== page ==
We decide to split today. No, not what you think, but pretty close. John and I continue to work through the travel and personal issues that exist in any relationship no matter where you are, made even more complex by day-to-day living, 7/24/365. Even in the beautiful city of Paris, there are bound to be days of travel fatigue.
I decide to spend some time on my own today and head out early to use my ticket for the Louvre. I shower and head out by 10:45 and grab a (some much needed familiarity) Starbucks and head to the Palais Royal/Louvre métro station. The day is a typical Parisian one (or at least the Paris that I have come to love): big white and grey clouds undulating and rolling across ancient skies; threatening at any moment to open up and rain down. The sun occasionally comes out and brightens the monuments but never long enough for you to catch that perfect picture of reflected sun on a beautiful vista.
The Louvre is, well, the Louvre. Built as a fortress in the 13th century and then rebuilt as a palace in the 16th, it is, as we all know, a daunting structure. I figure I will get “the hits” taken care of early and walk into the Denon wing and visit La Jaconde, or as popular culture (and fans of the Da Vinci Code) knows her, the “Mona Lisa”. It frightens me to think that the management of the Louvre succumbed to that popular pulp pressure and presented a “Da Vinci Code” tour of the paintings and clues that Mr. Brown had so successfully written about. I brave the Japanese tourists and it take at least 15 minutes for me to elbow my way to the front of the crowd, only to be blinded by the thousands of flash cameras that are supposedly not allowed in the Louvre. I stand my ground for some 10 minutes, trying to absorb La Jaconde’s intriguing smile but eventually not even her smirky smile is enough for the thousands of people here today.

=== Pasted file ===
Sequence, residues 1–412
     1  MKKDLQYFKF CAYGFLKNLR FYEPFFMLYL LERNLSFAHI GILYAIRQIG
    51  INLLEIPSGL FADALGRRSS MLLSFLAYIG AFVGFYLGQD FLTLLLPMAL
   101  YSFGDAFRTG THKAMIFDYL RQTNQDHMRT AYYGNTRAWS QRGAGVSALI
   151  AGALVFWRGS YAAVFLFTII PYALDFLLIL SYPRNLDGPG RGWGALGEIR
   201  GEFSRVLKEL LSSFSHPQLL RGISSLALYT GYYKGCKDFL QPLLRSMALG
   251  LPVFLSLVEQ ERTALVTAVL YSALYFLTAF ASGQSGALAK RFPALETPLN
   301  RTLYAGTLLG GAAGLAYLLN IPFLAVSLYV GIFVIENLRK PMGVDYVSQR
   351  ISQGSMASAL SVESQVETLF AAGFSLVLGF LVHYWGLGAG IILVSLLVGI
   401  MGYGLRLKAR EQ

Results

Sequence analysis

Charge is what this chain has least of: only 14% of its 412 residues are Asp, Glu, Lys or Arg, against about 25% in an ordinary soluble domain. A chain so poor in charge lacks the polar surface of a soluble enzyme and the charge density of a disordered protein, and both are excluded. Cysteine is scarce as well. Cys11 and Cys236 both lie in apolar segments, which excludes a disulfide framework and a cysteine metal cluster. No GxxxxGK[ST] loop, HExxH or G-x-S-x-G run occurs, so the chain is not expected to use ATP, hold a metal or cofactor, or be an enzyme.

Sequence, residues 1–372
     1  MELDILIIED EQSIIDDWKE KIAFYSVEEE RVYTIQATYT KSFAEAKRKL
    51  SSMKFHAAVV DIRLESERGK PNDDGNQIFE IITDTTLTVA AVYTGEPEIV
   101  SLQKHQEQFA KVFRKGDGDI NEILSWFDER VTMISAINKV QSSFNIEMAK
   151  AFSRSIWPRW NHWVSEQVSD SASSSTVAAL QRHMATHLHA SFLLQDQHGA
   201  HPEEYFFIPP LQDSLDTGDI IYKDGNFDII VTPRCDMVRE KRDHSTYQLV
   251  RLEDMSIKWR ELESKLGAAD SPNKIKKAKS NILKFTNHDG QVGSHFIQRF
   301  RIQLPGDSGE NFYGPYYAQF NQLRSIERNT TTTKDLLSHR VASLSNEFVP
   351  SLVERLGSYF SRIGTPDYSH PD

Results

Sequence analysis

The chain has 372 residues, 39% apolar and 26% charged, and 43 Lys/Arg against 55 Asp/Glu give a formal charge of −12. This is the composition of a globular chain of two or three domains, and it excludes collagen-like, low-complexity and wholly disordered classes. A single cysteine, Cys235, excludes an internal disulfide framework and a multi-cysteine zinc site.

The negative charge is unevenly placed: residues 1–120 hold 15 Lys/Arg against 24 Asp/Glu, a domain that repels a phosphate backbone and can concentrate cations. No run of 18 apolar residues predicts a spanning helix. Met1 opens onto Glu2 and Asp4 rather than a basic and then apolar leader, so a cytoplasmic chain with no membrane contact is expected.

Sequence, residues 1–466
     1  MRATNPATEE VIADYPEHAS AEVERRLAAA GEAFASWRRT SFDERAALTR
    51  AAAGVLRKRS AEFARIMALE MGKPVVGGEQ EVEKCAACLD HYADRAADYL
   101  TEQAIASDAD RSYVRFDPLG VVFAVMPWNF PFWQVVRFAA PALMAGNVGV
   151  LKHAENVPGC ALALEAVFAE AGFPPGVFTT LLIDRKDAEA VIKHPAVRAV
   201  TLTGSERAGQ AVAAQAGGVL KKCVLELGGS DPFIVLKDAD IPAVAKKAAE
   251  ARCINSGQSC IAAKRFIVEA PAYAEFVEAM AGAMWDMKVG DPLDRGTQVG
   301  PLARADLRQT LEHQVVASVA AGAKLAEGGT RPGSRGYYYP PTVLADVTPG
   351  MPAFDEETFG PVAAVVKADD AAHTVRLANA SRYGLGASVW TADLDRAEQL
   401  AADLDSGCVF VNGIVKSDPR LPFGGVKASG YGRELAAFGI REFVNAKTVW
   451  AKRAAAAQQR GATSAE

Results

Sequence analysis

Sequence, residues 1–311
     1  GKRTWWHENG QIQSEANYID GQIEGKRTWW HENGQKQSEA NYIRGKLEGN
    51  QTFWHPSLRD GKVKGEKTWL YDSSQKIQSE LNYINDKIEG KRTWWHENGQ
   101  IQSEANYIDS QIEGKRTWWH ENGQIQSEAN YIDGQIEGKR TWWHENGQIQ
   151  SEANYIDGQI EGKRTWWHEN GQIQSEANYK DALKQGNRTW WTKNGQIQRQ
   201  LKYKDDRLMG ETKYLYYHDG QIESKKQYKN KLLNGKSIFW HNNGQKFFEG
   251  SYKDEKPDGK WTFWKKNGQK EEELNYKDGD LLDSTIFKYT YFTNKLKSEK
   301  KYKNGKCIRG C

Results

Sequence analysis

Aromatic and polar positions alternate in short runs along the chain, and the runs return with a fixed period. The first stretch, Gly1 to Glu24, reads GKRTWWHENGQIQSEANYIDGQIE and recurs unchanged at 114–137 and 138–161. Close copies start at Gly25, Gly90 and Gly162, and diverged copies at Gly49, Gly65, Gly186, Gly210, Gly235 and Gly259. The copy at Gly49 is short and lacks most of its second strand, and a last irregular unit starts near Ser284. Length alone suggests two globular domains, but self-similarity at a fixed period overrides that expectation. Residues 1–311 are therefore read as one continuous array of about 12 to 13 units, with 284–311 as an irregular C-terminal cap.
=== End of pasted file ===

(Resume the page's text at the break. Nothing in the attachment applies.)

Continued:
I catch some of Spain and her paintings (saw much better offerings in Madrid), tons of Italian; the three Da Vincis that were not so crowded and therefore splendid. The Winged Victory of Samothrace took my breath away as did the Reuben’s Gallery devoted entirely to his mythological portraits of Catherine de Medici for her house at the Luxembourg. The French master David and his Coronation of Napoleon and other works were also an eyeful. I finish with the Napoleon III apartments as a reminder of what life is really all about. I leave three and a half hours later feeling overwhelmed, exhausted and somewhat unfulfilled. Next time, I guess.
I wind my way back in the late afternoon sun, a welcome relief from all the rain. The sun is short lived however. By the time I finish my shopping for salad and dessert for tonight’s dinner at good Parisian friends John and François’, it is raining again.
But it is a gentle and insignificant Paris rain. The kind of rain that reunites Paris lovers, weary world travellers, and the intimate lovers of fabulous art.
looking at the Louvre from the Museé d’ Orsay
The Louvre, across the Seine;
Le Back Door